This page is about the hormone therapy bicalutamide that is a treatment for advanced prostate cancer. There are sections about
- What bicalutamide is
- How bicalutamide works
- How you have bicalutamide
- Tests during treatment
- About side effects
- Temporary side effects when treatment starts
Bicalutamide is a type of hormone therapy known as an anti androgen treatment. It is a treatment for prostate cancer.
Prostate cancer depends on the male sex hormone, testosterone, to grow. Testosterone is a type of hormone called an androgen. Bicalutamide is a an anti androgen. It stops testosterone reaching the cancer cells. This can shrink the cancer or slow its growth.
You take bicalutamide as a tablet, once a day. You swallow the tablet whole with a drink of water. If you are having bicalutamide to stop a flare reaction, you take it for a few days before starting the LH blocker, and stay on it for about 4 to 6 weeks.
It is very important that you take tablets according to the instructions your doctor or pharmacist gives you. For example, whether you have a full or empty stomach can affect how much of a drug gets into your bloodstream. You should take the right dose, not more or less. And never stop taking a cancer drug without talking to your specialist first.
If you accidentally take more bicalutamide than you should, talk to your doctor or go to a hospital straight away.
If you forget to take a dose, skip the missed dose and take the next dose at the usual time. Don't take a double dose.
You have blood tests before starting treatment and regularly during your treatment. The tests check your levels of blood cells and other substances in the blood. They also check how well your liver and kidneys are working.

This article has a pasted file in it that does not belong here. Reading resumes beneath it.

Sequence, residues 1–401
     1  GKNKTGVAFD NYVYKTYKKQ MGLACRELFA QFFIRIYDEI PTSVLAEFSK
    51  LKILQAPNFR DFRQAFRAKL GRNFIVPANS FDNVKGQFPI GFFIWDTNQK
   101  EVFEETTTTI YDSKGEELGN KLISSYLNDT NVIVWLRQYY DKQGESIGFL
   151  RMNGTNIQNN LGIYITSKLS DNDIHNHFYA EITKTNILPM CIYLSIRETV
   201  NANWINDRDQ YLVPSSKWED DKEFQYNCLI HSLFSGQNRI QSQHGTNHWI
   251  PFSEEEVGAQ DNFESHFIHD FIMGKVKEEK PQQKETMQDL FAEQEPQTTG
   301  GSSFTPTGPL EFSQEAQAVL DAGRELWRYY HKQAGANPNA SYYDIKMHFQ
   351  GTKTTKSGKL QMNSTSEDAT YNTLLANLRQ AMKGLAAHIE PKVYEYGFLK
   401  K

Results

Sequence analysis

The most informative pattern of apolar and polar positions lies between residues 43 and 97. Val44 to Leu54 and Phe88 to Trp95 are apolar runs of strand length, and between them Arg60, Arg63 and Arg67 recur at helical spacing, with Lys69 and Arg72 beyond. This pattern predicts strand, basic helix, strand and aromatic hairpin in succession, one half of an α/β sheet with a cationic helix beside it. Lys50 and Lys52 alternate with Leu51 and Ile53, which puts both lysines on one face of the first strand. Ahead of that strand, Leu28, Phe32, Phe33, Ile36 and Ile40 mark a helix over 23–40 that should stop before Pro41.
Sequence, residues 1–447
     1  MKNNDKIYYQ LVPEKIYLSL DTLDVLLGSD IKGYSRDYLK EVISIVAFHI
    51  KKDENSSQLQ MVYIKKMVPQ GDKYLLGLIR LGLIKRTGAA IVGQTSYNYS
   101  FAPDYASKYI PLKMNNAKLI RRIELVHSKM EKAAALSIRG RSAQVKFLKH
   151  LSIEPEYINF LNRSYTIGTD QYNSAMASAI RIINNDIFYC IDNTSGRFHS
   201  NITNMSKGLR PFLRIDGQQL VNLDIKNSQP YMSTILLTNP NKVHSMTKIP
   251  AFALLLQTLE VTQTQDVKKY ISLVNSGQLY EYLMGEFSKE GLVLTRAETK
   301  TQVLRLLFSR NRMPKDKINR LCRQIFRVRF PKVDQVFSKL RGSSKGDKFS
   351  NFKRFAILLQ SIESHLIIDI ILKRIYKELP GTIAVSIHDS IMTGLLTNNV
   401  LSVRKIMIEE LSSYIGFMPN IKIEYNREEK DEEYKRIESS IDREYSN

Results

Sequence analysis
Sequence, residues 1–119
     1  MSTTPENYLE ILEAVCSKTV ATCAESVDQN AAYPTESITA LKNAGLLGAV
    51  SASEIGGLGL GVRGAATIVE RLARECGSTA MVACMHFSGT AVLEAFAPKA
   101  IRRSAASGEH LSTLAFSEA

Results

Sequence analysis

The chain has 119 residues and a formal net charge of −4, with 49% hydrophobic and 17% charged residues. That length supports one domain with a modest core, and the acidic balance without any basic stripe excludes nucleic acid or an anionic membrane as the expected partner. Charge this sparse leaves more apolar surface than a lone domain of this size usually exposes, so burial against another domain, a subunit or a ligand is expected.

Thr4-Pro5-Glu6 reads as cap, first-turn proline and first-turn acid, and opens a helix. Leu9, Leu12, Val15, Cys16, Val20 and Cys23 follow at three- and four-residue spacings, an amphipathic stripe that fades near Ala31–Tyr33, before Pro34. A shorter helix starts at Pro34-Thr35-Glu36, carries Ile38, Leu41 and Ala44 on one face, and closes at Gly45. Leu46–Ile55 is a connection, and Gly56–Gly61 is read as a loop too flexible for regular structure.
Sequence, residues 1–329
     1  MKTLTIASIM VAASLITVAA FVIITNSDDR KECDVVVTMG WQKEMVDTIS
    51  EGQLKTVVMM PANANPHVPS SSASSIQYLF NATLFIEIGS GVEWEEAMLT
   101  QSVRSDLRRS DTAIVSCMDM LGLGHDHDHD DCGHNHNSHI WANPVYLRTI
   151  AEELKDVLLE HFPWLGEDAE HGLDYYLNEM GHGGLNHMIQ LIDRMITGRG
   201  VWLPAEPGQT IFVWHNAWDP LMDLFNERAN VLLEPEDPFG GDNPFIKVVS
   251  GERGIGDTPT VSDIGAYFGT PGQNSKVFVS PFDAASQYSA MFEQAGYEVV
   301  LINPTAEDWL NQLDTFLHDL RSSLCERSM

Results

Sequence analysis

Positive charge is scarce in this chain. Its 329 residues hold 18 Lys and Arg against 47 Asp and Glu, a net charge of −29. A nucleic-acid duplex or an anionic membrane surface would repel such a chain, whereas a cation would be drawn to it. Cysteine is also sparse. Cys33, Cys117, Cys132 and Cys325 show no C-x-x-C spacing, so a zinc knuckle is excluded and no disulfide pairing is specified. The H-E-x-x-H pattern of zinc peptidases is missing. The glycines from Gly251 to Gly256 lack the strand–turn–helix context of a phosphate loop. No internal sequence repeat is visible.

We've listed the side effects associated with bicalutamide. You can use the links to find out more about each side effect. Where there is no link, please go to our information about cancer drug side effects or use the search box at the top of the page.
You may have a few side effects. They may be mild or more severe. A side effect may get better or worse through your course of treatment. Or more side effects may develop as the course goes on. This depends on
- How many times you've had the drug before
- Your general health
- The amount of the drug you have (the dose)
The side effects may be different if you are having bicalutamide with other medicines.
Tell your doctor or nurse straight away if any of the side effects get severe.
You may have an increase in symptoms called tumour flare for the first few weeks of the treatment. To try to prevent this your doctor may give you another type of hormone drug to start with, such as buserelin (Suprefact), goserelin (Zoladex), leuprorelin (Prostap) or triptorelin.
The symptoms of tumour flare include
- Increased pain or difficulty passing urine
- Bone pain
- Back pain
- Blood in the urine
- A pins and needles feeling in the legs
Tell your doctor or nurse if you have any of these effects.
More than 10 in every 100 people have one or more of these.
- A low sex drive (low libido) affects most men
- Hot flushes and sweats affect about 5 out of 10 men (50%). Unfortunately some men have them for as long as they stay on treatment. Tell your doctor or nurse if your hot flushes are difficult to cope with
- Breast tenderness and swelling – this can affect about 4 out of 10 men (40%) and can be distressing. If it is a problem for you, speak to your doctor and they can prescribe treatment to help
- Problems getting an erection (impotence) – this may improve after you finish treatment